Housing market madness continues as buyers snap up homes at record pace | Smart Change: Personal Finances

Sarah Hansen

If you were hoping the housing market might cool down this winter, you’ll have to keep waiting.

In some ways, the 2022 real estate landscape is shaping up to be even more competitive than it was last year.

Homes in the United States sold at the fastest January rate ever, according to data from Realtor.com. The typical home was on the market for only 61 days. This is 10 days less than in December and 29 days less than the typical time spent on the market between 2017 and 2020.

Some of the country’s hottest markets have seen homes foreclosed at a particularly rapid rate. In Nashville, the typical home spent just 29 days on the market in January. Homes spent an average of 35 days on the market in San Diego, San Jose and Denver, and 36 days on the market in Raleigh, North Carolina, according to Realtor.com.

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“We anticipate a whirlwind year for buyers and, if January’s real estate trends are any indication, competition in 2022 is already heating up,” Realtor.com chief economist Danielle Hale said in a statement. “Homes sold at a record pace in January, suggesting buyers are more active than usual for this time of year.”

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She added, however, that things look a little different on the seller’s side, with new listings down in January due to uncertainties caused by the coronavirus and building material delays caused by the chain crisis. supply, among other factors. Active listings fell 28.4% in January from a year earlier.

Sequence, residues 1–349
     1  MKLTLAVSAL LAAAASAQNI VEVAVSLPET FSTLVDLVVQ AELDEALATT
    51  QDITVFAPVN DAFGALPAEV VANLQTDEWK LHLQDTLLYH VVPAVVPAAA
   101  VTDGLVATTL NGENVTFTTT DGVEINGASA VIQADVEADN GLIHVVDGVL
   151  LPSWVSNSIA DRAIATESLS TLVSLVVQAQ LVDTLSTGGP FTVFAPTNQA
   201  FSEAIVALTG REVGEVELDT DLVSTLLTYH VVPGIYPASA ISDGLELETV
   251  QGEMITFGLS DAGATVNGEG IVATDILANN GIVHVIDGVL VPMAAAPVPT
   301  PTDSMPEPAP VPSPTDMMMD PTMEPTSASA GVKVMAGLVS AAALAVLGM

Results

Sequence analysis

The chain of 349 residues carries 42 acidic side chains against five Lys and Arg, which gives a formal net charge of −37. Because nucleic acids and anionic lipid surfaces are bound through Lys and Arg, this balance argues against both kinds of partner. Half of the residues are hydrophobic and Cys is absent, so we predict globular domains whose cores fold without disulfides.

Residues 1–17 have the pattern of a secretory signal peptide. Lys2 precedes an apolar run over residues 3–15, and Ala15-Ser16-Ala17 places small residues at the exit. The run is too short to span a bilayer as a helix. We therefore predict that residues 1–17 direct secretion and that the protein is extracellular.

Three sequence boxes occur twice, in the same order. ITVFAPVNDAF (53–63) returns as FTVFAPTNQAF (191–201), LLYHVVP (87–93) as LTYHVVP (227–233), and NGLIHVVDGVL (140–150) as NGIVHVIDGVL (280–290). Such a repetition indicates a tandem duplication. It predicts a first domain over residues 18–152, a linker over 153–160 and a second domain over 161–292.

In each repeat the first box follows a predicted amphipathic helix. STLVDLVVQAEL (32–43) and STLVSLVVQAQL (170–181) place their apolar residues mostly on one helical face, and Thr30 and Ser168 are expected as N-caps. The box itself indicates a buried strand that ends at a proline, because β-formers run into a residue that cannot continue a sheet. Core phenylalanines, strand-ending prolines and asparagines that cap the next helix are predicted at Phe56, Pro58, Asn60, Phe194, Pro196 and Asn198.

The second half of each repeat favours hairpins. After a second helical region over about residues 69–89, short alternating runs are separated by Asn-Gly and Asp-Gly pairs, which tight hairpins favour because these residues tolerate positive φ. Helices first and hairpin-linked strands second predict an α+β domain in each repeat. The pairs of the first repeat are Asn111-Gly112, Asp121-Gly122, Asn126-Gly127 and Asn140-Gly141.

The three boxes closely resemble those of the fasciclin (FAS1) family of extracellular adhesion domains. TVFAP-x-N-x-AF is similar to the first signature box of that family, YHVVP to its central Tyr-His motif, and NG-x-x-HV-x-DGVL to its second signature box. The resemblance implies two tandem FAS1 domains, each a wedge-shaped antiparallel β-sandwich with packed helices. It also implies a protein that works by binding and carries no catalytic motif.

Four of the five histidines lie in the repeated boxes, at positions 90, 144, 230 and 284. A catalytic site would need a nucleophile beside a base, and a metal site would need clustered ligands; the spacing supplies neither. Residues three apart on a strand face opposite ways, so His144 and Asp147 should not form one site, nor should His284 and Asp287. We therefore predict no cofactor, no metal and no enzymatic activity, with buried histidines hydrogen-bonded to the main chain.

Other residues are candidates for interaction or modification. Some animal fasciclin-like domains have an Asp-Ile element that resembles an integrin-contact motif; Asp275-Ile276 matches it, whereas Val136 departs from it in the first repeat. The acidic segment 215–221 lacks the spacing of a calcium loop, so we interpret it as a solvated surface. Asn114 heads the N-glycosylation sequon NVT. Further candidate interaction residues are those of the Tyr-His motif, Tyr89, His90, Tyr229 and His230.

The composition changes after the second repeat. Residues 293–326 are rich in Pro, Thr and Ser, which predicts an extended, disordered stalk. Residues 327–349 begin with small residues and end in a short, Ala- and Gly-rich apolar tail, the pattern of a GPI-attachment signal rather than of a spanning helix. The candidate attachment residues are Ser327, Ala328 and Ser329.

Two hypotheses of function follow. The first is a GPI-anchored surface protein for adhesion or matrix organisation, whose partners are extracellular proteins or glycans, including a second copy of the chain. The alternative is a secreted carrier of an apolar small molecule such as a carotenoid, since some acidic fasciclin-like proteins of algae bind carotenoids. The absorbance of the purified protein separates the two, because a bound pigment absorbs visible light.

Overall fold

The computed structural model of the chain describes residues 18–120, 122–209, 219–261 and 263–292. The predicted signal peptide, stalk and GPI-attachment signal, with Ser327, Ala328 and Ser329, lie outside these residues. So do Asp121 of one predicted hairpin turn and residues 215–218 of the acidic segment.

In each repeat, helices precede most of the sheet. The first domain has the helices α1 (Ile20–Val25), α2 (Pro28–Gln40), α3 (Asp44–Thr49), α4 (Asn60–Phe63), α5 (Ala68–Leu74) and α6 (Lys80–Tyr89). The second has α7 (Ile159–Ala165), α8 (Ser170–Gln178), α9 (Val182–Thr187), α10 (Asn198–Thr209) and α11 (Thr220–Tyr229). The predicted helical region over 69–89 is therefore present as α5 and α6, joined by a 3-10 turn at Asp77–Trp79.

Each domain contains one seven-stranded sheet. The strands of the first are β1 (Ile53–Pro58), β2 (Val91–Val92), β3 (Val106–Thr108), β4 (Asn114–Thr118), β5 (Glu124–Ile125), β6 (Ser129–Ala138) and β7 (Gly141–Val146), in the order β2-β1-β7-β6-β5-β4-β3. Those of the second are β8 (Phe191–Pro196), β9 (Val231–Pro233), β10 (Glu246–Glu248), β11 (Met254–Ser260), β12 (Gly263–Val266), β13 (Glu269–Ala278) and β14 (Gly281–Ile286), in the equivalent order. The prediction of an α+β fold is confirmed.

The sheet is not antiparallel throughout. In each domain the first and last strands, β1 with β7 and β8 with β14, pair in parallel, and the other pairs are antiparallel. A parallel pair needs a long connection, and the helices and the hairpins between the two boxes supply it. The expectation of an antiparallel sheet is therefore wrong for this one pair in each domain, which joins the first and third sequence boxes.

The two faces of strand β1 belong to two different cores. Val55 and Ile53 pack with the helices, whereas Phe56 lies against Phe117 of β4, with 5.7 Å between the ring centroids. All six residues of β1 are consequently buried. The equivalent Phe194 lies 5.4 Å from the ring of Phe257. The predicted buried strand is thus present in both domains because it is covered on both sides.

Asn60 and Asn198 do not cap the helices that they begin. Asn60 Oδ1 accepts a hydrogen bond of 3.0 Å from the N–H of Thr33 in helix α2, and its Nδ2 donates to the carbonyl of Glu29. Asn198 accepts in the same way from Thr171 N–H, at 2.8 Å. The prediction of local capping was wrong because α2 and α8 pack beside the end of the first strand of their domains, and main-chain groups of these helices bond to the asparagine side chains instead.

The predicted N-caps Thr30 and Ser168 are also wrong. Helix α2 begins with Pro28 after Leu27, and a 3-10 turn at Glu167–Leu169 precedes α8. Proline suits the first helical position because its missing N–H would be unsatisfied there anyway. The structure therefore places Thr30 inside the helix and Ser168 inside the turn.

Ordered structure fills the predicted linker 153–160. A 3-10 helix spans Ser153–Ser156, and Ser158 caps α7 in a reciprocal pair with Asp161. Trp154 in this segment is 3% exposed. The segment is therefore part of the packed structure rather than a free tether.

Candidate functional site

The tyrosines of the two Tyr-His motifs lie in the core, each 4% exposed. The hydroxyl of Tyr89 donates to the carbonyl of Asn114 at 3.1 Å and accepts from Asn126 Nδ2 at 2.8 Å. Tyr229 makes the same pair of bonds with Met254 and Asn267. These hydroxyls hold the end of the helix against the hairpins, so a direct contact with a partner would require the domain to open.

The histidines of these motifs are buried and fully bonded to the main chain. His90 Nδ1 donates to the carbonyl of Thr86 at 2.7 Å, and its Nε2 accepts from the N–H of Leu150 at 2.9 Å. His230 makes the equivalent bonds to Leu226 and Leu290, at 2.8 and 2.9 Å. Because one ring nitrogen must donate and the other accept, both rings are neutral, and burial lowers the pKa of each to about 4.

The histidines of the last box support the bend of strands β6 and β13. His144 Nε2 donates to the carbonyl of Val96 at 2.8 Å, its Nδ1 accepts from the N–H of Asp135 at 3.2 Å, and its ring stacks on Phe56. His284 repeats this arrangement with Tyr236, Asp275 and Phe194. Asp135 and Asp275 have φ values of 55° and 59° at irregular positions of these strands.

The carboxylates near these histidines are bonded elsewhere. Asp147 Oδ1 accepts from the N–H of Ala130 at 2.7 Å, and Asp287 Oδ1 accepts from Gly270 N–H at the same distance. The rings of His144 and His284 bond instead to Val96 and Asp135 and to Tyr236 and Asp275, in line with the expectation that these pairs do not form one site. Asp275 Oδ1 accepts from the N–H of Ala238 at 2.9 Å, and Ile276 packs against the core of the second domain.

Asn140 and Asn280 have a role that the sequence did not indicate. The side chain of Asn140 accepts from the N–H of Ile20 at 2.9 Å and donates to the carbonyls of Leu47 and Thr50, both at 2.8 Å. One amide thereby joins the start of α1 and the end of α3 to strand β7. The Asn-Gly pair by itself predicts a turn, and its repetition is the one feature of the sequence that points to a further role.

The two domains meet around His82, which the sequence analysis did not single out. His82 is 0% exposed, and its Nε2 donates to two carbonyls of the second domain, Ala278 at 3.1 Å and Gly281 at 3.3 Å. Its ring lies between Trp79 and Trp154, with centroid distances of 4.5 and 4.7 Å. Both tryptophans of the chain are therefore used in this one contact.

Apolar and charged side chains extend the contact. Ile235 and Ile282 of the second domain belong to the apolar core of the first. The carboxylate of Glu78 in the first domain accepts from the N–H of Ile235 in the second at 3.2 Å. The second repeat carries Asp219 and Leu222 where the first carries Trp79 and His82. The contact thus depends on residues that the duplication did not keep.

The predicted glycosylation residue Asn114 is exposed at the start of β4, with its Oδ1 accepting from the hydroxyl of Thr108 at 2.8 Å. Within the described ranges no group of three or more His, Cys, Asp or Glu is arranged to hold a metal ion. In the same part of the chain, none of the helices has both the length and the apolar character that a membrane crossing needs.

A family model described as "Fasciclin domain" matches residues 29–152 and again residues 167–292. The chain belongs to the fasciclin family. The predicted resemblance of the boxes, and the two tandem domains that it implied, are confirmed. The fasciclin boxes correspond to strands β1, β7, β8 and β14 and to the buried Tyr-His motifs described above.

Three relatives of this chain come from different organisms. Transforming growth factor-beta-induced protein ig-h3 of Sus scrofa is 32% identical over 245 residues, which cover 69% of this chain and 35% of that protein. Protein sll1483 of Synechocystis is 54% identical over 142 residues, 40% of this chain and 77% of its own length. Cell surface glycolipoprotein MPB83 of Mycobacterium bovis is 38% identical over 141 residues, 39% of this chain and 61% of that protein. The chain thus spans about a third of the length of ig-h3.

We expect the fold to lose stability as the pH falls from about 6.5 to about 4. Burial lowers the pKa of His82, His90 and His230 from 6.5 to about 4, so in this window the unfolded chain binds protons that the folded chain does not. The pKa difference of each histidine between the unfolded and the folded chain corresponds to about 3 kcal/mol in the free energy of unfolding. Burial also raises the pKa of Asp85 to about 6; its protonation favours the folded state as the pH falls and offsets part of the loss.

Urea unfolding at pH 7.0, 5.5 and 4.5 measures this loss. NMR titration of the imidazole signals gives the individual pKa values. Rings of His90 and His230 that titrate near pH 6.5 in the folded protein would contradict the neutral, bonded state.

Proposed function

Together, the huge influx of interested buyers and the shortage of inventory means homes are getting harder to find and more expensive. The median listing price climbed 10.3% year on year in January to $375,000, Realtor.com found. The prospect of rising interest rates is likely to fuel madness, at least in the short term, as buyers seek to lock in their mortgages before rates rise.

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Understandably, most Americans feel negative about their prospects. A recent report by Fannie Mae found that 70% of Americans think it’s a

. Among Millennials and Gen Z, that number jumped to 83%. Only 25% of respondents said now was a good time to buy, an all-time high.

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